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Floating my way to blissful relaxation

For a couple of years now, I’ve been tired. I’ve been pent up, wound up, fed up, and in need of a break. I love my life and I love my job, but it’s sometimes all a tad overwhelming (yes, I am whining).

Working in customer service, troubleshooting websites all day, can be draining – and that’s when the day goes well. There are also a lot of jerks, who can make things quite miserable: “I hope you choke on a wiener while falling down a volcano.” “You’re literally dog shit.” “Can I talk to someone who actually knows something?” are all phrases I’ve heard over the past year – either said to me directly, or to my colleagues.

But I digress. My search for the best way to relax, recharge and fill my own cup led me to a new hobby: floating in a sensory deprivation float tank.

What’s a sensory deprivation float tank?

A sensory deprivation float tank.

It’s a light-proof tank with about 12 inches of water, in which almost 1000 lbs of epsom salts has been dissolved. It’s dark, it’s silent, it’s warm, and, due to the salt, you bob like a cork. Seriously.

The front door at oGoFloat.

My husband, Jeff, and I have been visiting oGoFloat, a home based float studio in Penticton, British Columbia, regularly for the last month. We first saw mention of this place on Facebook, and then tuned into the website, which is a great source of information, as is Julie, the owner!

When we arrived for our first 90 minute float session, we weren’t sure what to expect. We pulled into the driveway, and headed up to the house – we knew we were in the right place because of the beautiful, welcoming front door! And Julie had that front door open before we even reached the step, warmly inviting us in.

How does it work?

Here’s the routine: You arrive for your appointment, and leave your shoes and coat in the entrance to the house. At this point, you can’t even tell it’s a house, because the floating area is renovated, extremely professional, and completely separate from the rest of the home.

After using the washroom – nothing worse than having to rouse from a satisfying float to visit the loo – you enter your float room. The door to your float room locks, for full privacy, and it’s the beginning of your journey into peace and tranquility.

A quick shower (also in the room) and some petroleum jelly over any small nicks or cuts (the salt does sting a bit!) and plug up the ears with the provided ear plugs, and you’re ready to go!

What do I do in there for 90 minutes?

So what do I do for 90 minutes in a dark, warm tank filled with water? I do whatever I want. There are no demands, no requirements. No phones ringing, no nasty customers to deal with, no conversations, no chores or tasks.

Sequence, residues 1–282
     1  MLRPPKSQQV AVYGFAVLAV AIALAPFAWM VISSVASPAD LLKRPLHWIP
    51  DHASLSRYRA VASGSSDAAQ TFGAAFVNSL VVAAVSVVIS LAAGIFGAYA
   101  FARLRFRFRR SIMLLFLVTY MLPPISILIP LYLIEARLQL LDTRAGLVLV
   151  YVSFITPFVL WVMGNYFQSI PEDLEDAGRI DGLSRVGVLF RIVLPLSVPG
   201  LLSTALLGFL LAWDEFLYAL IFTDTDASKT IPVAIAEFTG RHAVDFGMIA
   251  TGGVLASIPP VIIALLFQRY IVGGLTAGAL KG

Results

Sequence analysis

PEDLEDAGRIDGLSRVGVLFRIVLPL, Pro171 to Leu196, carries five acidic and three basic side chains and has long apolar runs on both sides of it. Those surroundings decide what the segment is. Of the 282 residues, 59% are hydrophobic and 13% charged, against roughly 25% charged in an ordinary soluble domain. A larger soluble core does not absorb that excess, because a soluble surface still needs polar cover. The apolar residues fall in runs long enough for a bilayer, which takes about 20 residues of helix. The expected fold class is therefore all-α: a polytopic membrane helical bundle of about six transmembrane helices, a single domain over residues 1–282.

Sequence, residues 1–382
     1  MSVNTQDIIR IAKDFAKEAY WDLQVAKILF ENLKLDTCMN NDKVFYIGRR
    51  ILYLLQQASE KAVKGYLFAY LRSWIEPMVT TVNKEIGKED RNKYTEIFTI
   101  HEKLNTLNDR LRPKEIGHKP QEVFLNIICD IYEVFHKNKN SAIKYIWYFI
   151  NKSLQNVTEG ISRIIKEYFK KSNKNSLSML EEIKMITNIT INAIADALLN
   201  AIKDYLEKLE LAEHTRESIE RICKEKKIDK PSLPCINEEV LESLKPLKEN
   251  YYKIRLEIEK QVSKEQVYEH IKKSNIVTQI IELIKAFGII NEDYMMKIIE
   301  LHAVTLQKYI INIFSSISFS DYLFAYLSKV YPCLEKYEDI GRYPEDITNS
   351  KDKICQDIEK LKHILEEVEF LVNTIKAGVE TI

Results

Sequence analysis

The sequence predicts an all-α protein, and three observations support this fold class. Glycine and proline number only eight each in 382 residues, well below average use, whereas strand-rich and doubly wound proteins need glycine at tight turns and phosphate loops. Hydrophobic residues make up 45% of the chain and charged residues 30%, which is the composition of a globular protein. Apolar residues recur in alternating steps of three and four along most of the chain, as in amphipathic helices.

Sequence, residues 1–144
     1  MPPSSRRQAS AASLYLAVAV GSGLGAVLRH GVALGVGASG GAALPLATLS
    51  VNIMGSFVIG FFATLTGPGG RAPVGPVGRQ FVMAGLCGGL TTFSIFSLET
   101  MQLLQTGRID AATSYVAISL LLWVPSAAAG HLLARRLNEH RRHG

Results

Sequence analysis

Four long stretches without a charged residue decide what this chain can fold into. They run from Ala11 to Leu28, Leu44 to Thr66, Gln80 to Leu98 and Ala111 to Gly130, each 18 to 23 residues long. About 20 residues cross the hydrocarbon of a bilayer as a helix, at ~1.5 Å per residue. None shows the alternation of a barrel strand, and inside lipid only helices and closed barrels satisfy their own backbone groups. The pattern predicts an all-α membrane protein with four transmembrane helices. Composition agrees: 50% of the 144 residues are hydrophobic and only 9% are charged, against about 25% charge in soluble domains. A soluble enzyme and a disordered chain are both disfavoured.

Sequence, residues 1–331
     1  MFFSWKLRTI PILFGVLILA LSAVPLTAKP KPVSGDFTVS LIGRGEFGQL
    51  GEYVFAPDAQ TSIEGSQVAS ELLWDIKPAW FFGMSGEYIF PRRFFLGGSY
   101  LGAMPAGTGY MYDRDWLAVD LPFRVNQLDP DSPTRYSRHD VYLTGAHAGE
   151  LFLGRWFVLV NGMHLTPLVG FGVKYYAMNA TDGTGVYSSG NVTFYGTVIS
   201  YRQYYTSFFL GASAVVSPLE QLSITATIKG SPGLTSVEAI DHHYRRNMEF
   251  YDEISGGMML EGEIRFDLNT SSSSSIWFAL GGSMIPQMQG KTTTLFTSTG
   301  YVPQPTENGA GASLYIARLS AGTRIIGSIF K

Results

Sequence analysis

The mouth of the tank.

I. Do. Nothing.

Well, that’s not totally true. I think, a LOT. I am working on thinking less, trying some mediation techniques. I focus on my breath, and try to clear my mind. I’ve done this for as many as 12 breaths in a row (yes… that’s low, but I’m working on it).

I also drift from one end of the tank to the other, while trying to see how small of a nudge it takes. Because it’s dark, I can’t tell if I am moving, if I do it super slowly.

At times, I think about my body, each part individually, and I thank it for serving me well.

But mostly, I have flashbacks. To when I was a child, floating in Mabel Lake on a warm, sunny day. To when I was small enough to lay down in the bathtub and had to stretch to reach both ends. I flashback to my son’s home water birth. And to the cenote (water cave) I swam in, in Mexico.

And I also spend a lot of time wondering how much time has gone by, and also how much time I have left. Never has 90 minutes felt so long, and yet so short at the same time. At the end of the session, which always comes as a surprise, gentle music starts to play and then, regretfully, it’s time to ease out of the tank for another shower, and then tea or a fresh, cool glass of water with Julie, in the main area, before returning to real life.

The float tank is an environment designed to allow your brain to take a break from processing the constant external sensory input of daily lives. This distraction free environment is an ideal place for healing, meditation, problem solving, and so much more.

oGoFloat Website

Our experiences have been wonderful. The after-effect of the total relaxation lasts for days. I feel more grounded, interested and excited. It’s also meeting my expectation, of a full and total disconnect from the everyday.

It’s been established that floating can lower blood pressure, muscle tension, pain, decrease stress, and anxiety through cortisol levels, and increase positive affect and serenity.

oGoFloat Website

Intrigued? Try it! Both Jeff and I highly recommend it. For more information, check out oGoFloat’s website!

4 thoughts on “Floating my way to blissful relaxation

  1. Does the water get changed after every person? How much? Any reviews?

    1. There is a filtration process that cleans the water between floats. You can read about it here: https://www.ogofloat.ca/faq

      Costs are on their website also!

  2. Thanks for posting this! It reminded me that I haven’t gone for a float in about six months.

    Also, I don’t know how you manage with 90 minutes. I usually get out 5-10 minutes before my 60 minute sessions are over.

    1. I had never floated before, so had no frame of reference! 90 minutes is a long time but so far, it’s perfect.

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